“Washing” is also a factor. If one wants the truth, he must exert effort and also accept the cleansing aspect of the Word. Repentance, conversion, baptism, and understanding are the sequence.

Siloam means “sent,” and John observed that Jesus sent the blind man to the pool. For the name Siloam to be given to the pool indicates that God overruled the name in advance. In those days, the Pool of Siloam was customarily used to get drinking water and water for Temple services, not for washing. The pool looks like an ideal baptismal site.

John 9:8 The neighbours therefore, and they which before had seen him that he was blind, said, Is not this he that sat and begged?

John 9:9 Some said, This is he: others said, He is like him: but he said, I am he.

John 9:10 Therefore said they unto him, How were thine eyes opened?

John 9:11 He answered and said, A man that is called Jesus made clay, and anointed mine eyes, and said unto me, Go to the pool of Siloam, and wash: and I went and washed, and I received sight.

John 9:12 Then said they unto him, Where is he? He said, I know not.

Starting with verse 8, details are given of what transpired when the healed blind man returned.

John had an unusual way of presenting matters. A mixed crowd had questioned Jesus in preceding chapters: some who believed, some who were borderline, and some who did not believe. A mixed crowd also responded here. Some said, “Aren’t you the blind man?” Others said, “He looks like him but cannot be.” Then the healed blind man said in effect, “Yes, I am that one.” Notice that in verse 9, he said, “I am”—the word “he” is supplied.

When questioned further, the blind man told the crowd the name of his benefactor: Jesus. His answers were forthright. Even though he did not necessarily know that Jesus was the “despised one,” he did not mention the spittle, probably because he did not want to cast aspersion on his benefactor. He simply said, “Jesus anointed my eyes with clay.”

Spiritual lesson: One who is spiritually blind from birth can have a miraculous confrontation with one who has the truth and, as a result, have his eyes opened. Usually, however, spiritual sight is a slow process of reading, having several discussions, etc. Here the blind man obeyed with startling results.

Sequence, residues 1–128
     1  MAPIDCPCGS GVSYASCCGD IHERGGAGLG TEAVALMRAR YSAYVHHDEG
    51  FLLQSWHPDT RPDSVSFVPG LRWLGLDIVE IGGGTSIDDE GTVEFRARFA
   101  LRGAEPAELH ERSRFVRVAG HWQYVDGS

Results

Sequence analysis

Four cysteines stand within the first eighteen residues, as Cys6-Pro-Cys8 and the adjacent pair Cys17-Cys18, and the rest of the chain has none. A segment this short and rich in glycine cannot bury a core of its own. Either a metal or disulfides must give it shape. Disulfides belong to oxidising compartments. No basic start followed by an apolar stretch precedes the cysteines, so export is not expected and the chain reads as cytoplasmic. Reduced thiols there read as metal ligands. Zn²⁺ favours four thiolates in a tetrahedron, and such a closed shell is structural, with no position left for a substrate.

John 9:13 They brought to the Pharisees him that aforetime was blind.

John 9:14 And it was the sabbath day when Jesus made the clay, and opened his eyes.

John 9:15 Then again the Pharisees also asked him how he had received his sight. He said unto them, He put clay upon mine eyes, and I washed, and do see.

John 9:16 Therefore said some of the Pharisees, This man is not of God, because he keepeth not the sabbath day. Others said, How can a man that is a sinner do such miracles? And there was a division among them.

Isn’t it startling that some of the Pharisees concluded Jesus was not of God because he healed on the sabbath? This reply shows how bigoted people can be. They should have rejoiced and been convinced that Jesus was of God because of such a miraculous cure of one who was blind from birth.

There was a division among the Pharisees (the priesthood), as well as among the common people. Credible evidence, such as this cure, should have convinced the Pharisees that Jesus was the Messiah.

John 9:17 They say unto the blind man again, What sayest thou of him, that he hath opened thine eyes? He said, He is a prophet.

It was wise for the blind man to omit the part about Jesus’ sputum, for the Pharisees were prejudiced enough without that detail.

John 9:18 But the Jews did not believe concerning him, that he had been blind, and received his sight, until they called the parents of him that had received his sight.

John 9:19 And they asked them, saying, Is this your son, who ye say was born blind? How then doth he now see?

John 9:20 His parents answered them and said, We know that this is our son, and that he was born blind:

John 9:21 But by what means he now seeth, we know not; or who hath opened his eyes, we know not: he is of age; ask him: he shall speak for himself.

John 9:22 These words spake his parents, because they feared the Jews: for the Jews had agreed already, that if any man did confess that he was Christ, he should be put out of the synagogue.

John 9:23 Therefore said his parents, He is of age; ask him.

Notice that the parents of the healed blind man “feared the Jews.” The parents knew about Jesus’ reputation, and the fact that enemies sought his death was the basis of their fear.

The Pharisees wanted to minimize the blind man’s claim and thus evidently put pressure on the parents. If they had denied the blind man was their son, the Pharisees would have been delighted, but the parents would not compromise in this way. Instead they stood their ground: “Ask him, for he is of age and can speak for himself.”